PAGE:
Common Tax Mistakes You Don’t Want To Make

Income Tax Neon SignGreat tax management is keeping and receiving all the money you’re entitled to while meeting your legal obligations. Here are some common mistakes you don’t want to make.

Many times, people don’t even realize all the money they’re leaving on the table when they file their taxes as well as not being aware taking actions that are required by the IRS. Of course, this is totally understandable with tax laws being so complex and frequently changing from year to year. Sure, there are data entry errors that delay the filing but preventing these mistakes below will help you put more money into your coffers.

Not Writing Off Tax Expenses
When expenses for tax preparers and financial advisors exceed two percent of your AGI (adjusted gross income), you can write off your costs of fees. So let’s say you have an adjusted gross income $200,000 and you have financial advice fees of $7k, you can write off $3k of that.

Paying More Taxes On Retirement Investments Than You Have To
For those seventy and over, a common mistake is that when taking out the mandatory funds from the retirement account, sometimes people already had optioned to have taxes taken out upon withdrawal. Then when it comes time to do taxes, they pay taxes it on again not realizing that taxes had already been paid on the money withdrawn. Sometimes the Internal Revenue Service catches the mistake but sometimes they don’t. So don’t depend on them to correct it for you.

Not Taking Advantage of Home Office Deductions
If you’re an IT manager by day and a wedding photographer on the weekends, it’s easy to not think about how a second job can be a tax advantage to you. But maintaining your receipts and records as well thinking of your home office as your legitimate home office can be incredibly helpful—especially if you live in a market where property values are high and space is small.

And if you can’t keep track of everything down to the penny, the IRS allows you to take $5 per square foot of business only space in your house—a deduction up to $1500 with no paper trail necessary.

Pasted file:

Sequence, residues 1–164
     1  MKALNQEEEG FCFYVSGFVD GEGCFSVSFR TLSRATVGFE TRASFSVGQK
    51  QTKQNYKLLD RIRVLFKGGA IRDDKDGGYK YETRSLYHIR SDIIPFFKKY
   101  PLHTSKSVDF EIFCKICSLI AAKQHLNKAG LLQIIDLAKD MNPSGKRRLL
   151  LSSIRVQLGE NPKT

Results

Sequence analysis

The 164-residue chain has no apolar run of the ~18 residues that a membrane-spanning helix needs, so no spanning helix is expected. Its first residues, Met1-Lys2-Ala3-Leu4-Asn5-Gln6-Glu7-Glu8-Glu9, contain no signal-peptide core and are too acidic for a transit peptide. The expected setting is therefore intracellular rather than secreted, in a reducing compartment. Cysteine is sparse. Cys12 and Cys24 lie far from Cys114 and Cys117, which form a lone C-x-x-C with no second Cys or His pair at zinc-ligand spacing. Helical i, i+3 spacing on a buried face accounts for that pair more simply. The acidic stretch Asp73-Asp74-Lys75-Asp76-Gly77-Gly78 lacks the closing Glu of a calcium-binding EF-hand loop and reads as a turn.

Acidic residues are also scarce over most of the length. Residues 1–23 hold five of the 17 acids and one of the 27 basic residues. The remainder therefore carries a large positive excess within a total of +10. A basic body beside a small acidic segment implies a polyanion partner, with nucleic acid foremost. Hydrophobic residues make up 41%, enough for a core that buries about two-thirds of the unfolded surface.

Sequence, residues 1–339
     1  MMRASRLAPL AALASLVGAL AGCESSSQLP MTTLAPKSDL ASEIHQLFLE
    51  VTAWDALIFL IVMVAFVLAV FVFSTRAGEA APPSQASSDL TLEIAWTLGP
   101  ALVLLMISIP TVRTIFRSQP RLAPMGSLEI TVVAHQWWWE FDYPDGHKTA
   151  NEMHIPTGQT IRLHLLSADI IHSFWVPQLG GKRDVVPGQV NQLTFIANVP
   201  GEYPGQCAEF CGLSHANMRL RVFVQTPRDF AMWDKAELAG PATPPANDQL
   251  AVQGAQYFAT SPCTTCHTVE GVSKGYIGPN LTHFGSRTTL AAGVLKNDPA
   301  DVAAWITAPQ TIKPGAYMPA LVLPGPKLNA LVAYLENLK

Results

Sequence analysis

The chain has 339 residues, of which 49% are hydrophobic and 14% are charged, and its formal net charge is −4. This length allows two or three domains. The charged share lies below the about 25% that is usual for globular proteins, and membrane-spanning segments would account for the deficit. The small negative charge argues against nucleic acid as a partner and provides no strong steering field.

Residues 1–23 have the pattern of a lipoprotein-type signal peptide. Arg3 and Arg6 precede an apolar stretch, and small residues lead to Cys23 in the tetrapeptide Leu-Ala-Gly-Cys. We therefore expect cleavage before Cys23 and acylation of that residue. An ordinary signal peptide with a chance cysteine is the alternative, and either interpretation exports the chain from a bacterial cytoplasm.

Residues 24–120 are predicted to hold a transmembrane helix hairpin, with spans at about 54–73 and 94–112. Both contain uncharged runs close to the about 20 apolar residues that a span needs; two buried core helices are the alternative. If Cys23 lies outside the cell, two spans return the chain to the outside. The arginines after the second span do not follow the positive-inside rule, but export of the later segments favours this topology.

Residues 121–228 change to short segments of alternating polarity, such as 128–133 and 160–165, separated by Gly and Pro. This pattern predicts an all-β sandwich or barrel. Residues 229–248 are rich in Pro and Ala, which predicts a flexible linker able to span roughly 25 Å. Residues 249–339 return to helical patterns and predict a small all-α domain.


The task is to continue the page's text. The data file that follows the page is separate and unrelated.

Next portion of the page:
Failing To Catch An Overpayment When Changing Jobs
If you get a new job making more money during the tax year, the new job is going to tax you based on your yearly salary which could cause the employer to take out a higher percent of social security taxes. But if all together in the year you made less than what your new salary annual salary will be, you could have possibly overpaid by almost a thousand dollars. A CPA or Enrolled Agent will usually catch this where filers doing their own taxes may not.

There are also lots of breaks for those searching for jobs. You can write off non-reimbursed expenses for travel for a job interview and the paid premium version of Linkedin for example.

Tax Overpayment on The Sale of Investments
Take the price you paid for an investment out of what you sold the investment for and you have the amount of what you owe taxes on. However, it’s not always that simple and this is where people miscalculate and overpay on the sale. Factors such as broker commissions, stocks that split, dividends that were reinvested and so on all impact the amount you owe. Since financial companies track the base cost of these, most people forget to include the costs they made along they way in the journey of that investment. Consequently, you’re paying more taxes on capital gains than you should.

For example, if you originally bought the stock for five thousand dollars and you reinvested a few times paying fees and commissions each time you reinvested and then sold the investment for ten thousand dollars, you’d might have spent $5,550 dollars instead of $5,000. In this case you would have overstated your income by gains of $5,000 when really it was only a gain of $4,450.

Neglecting To Claim Retirement Contributions
Retirement brokers don’t send out contribution confirmations until after taxes are done. So prior to filing taxes, check with your broker to see how much you contributed during the tax year. Not doing so can generally cause you to miss out on tax breaks. Even if your contributions were not eligible for a deduction, you’ll still want to fill out Form 8606 so you don’t have to pay taxes on a part of your retirement withdrawals when the time comes.

Not Making The Distinction Between Higher Education Deductions & Credits
You’re allowed to deduct up to four thousand dollars in higher ed costs such as tuition and fees. There is another option, a twenty-five hundred dollar tax credit on tuition and fees. The $4k deduction seems like the obvious choice. But it’s a deduction which only reduces the amount of taxes you owe. The $2500 is a credit which increases the amount of your refund (or lessens the amount you owe).

Forgetting About Digital Receipts
Not having an organized system for digital receipts can cause you to overlook eligible deductions for either business expenses or charitable contributions. You should at least have a folder set up in your email for receipts emailed to you so you can file these away. Ideally, you’d break these up by year and type such as Charitable Contributions 2014 and Business Expenses 2015 making it easier on you at tax time. Also, some sites don’t email you a receipt and only give you a confirmation page when you’ve completed the transaction. You can use an app like Evernote which will save the page as a note that you can use as a receipt. In fact, you can use an app like this to save all your receipts and give them tags like “Business Name, Travel Expenses, 2014” so you can track and view them easily.

Do you have the support you need to manage your small business bookkeeping? Schedule a 30-minute appointment to speak with a local small business adviser.